Once the weather is cooling off, you may be thinking about how you’ll take full advantage of your heating and cooling. After all, HVAC costs can make up a large piece of your monthly electric bill. To try and find ways to lower their HVAC bill, some homeowners look closely at their thermostat. Maybe there’s a setting they could use to boost efficiency?

The bulk of thermostats come with a ‘Fan’ or ‘Fan On’ setting. But if the fan is on during a typical cycle, what does the fan setting provide for an HVAC system? This guide should help. We’ll review precisely what the fan setting is and how you can use it to reduce costs in the summer or winter.

What Is the Fan Setting on My Thermostat?

For the bulk of thermostats, the fan setting signifies that the air handler’s blower fan remains on. Some furnaces may continue to run at a low level with this setting, but for the most part heating or cooling isn’t being made. The ‘Auto’ setting, on the other hand, will run the fan over a heating or cooling cycle and turn it off once the cycle is finished.

There are benefits and drawbacks to using the fan setting on your thermostat, and the ideal option {will|can|should]] depend on your distinct comfort preferences.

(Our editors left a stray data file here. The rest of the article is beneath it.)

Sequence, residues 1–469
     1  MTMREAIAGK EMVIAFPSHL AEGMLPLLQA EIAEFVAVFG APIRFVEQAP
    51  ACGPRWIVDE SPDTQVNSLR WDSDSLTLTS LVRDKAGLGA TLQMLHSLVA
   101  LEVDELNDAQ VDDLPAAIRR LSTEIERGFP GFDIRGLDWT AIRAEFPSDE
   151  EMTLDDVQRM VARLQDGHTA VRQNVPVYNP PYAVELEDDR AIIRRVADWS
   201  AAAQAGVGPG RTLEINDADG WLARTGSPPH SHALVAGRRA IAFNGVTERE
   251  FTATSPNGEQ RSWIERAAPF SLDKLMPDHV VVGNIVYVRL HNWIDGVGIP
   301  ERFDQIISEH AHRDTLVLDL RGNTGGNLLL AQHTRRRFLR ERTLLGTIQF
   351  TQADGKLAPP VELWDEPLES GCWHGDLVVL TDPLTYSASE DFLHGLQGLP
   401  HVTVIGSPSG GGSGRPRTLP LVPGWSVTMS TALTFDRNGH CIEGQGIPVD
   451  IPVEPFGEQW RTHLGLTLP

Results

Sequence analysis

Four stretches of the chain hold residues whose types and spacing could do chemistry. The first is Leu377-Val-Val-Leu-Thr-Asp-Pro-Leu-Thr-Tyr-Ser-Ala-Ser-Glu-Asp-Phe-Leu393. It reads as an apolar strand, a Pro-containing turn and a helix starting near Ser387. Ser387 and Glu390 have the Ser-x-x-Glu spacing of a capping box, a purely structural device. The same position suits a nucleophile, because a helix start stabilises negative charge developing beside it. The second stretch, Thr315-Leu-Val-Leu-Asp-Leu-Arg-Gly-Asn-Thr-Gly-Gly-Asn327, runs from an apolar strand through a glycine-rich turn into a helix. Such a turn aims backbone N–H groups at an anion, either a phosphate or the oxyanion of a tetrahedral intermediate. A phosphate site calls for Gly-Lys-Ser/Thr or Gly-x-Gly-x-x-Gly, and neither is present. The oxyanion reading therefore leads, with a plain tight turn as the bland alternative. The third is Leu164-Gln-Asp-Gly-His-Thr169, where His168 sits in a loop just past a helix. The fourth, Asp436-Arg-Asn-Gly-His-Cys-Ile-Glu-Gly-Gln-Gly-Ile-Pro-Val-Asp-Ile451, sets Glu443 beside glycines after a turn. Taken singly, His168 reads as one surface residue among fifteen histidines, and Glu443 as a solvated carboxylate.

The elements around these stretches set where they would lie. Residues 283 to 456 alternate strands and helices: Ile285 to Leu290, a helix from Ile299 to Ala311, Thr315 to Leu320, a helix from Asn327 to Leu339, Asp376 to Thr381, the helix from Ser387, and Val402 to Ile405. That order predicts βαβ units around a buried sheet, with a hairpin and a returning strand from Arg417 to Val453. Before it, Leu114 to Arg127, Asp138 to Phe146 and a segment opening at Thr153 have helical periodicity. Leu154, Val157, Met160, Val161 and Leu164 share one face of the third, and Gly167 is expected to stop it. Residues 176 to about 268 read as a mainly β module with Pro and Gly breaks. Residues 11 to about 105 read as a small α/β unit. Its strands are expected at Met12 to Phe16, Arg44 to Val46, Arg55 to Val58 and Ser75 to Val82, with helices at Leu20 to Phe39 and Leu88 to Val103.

Advantages to trying the Fan/On setting:

  • You can keep the temperature in every room more consistent by enabling the fan to keep running.
  • Indoor air quality can increase since steady airflow will keep moving airborne contaminants into the air filter.
  • Fewer start-stop cycles for the blower fan helps expand its life span. As the air handler is typically part of the furnace, this means you can prevent the need for furnace repair.

Downsides to using the Fan/On setting:

  • A continuous fan could raise your energy bills slightly.
  • Constant airflow could clog your air filter up more quickly, increasing the frequency you will want to replace it.

{Choosing Between|Should My Thermostat Be on|Which Setting for My Thermostat? Fan or Auto in Summer/Winter

Through the summer, warm air can linger in unfinished spaces like the attic or an attached garage. If you leave the fan on, your HVAC system can gradually move this warm air into the rest of your home, compelling the HVAC system to run longer to maintain the preferred temperature. In extreme heat, this can result in needing AC repair more quickly as wear and tear increases.

The reverse can happen over the winter. Cooler spaces like a basement will hold onto cooler air, which may eventually make its way into the rest of your home. Keeping the fan on could pull more cold air upward, increasing the amount of heating you need to remain warm.

If you’re still trying to determine if you should use the fan/on setting, don’t forget that every home and family’s comfort needs will vary. Leaving the HVAC system’s fan on might be best for you if:

Someone in your household deals with allergies. Allergies and similar respiratory conditions can be hard on the family. Leaving the fan on can help to improve indoor air quality, helping your family breathe easier.

Your home has hot and cold spots. All kinds of homes wrestle with persistent hot and cold spots that quickly shift to a temperature different from the rest of the house. The fan setting might help minimize these changes by constantly refreshing each room’s airflow.